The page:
Second scenario. Long-term (up to 5 days) air raids on a larger range of nuclear facilities, missile launchers, air defense systems, airfields, Navy bases, headquarters, command and communication posts.

Third scenario. Regular air strikes on a more expanded list of facilities, compared to the second scenario, which would last for several weeks.

Israel has the necessary combat capability to realize all of the three options. The main obstacle in the implementation of such plans may be the negative reaction of the world community and Tel Aviv’s allies in Washington and in the West.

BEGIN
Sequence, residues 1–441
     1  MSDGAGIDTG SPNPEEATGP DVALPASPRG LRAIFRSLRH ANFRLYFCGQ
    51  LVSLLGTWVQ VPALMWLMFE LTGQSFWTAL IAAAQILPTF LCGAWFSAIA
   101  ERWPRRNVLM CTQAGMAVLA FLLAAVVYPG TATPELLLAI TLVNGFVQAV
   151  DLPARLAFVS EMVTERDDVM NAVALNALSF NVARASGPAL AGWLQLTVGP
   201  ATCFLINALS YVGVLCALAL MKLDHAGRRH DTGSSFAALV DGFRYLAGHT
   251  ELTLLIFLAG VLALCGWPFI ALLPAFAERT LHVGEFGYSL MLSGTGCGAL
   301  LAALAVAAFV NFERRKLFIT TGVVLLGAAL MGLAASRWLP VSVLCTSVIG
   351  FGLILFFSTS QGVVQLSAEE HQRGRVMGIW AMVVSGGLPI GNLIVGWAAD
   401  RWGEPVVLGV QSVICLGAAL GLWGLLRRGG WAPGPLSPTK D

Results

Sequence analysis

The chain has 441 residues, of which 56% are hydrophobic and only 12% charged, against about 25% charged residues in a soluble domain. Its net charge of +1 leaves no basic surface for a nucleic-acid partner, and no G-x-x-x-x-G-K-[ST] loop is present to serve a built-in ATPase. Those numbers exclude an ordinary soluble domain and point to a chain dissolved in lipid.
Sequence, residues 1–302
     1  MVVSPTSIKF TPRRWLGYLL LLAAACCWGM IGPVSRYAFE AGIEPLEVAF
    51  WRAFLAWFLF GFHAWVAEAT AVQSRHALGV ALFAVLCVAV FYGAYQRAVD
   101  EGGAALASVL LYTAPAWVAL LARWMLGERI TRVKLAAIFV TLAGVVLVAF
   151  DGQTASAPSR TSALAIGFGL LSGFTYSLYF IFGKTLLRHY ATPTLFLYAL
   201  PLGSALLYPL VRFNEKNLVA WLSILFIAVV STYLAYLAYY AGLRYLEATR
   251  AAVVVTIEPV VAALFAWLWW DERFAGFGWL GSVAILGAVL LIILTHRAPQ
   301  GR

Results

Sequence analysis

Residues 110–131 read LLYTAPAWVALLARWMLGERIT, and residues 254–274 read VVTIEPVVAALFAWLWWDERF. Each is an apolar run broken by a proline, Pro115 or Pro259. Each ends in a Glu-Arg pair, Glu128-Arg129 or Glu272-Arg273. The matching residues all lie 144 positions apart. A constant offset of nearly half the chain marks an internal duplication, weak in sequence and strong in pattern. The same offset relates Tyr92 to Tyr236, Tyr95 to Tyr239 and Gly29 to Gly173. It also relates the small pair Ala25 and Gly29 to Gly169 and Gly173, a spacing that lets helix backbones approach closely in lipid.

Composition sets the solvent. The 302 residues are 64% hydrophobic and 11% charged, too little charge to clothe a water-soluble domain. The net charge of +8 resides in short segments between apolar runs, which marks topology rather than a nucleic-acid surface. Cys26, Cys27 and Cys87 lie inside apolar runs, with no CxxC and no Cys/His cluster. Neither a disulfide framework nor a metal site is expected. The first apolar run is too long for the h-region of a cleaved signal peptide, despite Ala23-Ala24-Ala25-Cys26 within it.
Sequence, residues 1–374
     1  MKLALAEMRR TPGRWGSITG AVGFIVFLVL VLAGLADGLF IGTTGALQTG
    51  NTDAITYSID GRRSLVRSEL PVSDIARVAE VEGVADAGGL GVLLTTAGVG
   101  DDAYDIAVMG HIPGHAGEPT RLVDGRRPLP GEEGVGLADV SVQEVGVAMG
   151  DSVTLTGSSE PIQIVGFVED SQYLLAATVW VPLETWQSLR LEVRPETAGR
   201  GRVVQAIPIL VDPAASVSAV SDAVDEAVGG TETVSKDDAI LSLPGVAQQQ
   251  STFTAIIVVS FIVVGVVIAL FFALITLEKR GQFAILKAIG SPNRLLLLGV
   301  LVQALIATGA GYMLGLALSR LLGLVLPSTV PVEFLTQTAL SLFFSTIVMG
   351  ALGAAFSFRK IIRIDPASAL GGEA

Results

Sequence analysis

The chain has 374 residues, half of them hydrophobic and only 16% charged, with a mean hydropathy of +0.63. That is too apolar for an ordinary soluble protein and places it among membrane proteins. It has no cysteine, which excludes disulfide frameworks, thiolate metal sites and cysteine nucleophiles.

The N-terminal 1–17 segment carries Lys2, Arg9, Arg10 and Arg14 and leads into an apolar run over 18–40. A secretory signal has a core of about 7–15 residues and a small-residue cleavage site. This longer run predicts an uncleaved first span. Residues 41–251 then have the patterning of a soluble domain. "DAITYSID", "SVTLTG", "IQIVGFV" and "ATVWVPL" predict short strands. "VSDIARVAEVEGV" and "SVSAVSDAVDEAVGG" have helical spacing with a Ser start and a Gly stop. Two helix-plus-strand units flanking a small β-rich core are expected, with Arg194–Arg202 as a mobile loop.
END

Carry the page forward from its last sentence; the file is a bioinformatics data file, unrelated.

According to the experts, the main obstacle for the Israeli air force is not the air defense system of Iran, but the geographical position of Israel. It will be difficult for tactical fighters to fly 1,500 km charged with maximum ammunition, make pinpoint attacks and return safely to their bases. Israel might also use the medium range ballistic missiles “Jericho”, but much will depend on the accuracy of their targeting. Further developments will depend on the response of Iran and its allies in the region, as well as on the possible intervention in the conflict by the U.S.A. and other countries. The probability that Israel will use nuclear weapons is small, but it should not be ruled out, particularly if the very existence of the Israeli state is threatened. Iran can make retaliatory strikes on Israel using the ballistic missiles “Shahab-3” and “Sege”, F-5 fighter jets, rocket attacks and terrorist attacks by the Lebanese Hezbollah and Hamas in the Gaza Strip should not be excluded either.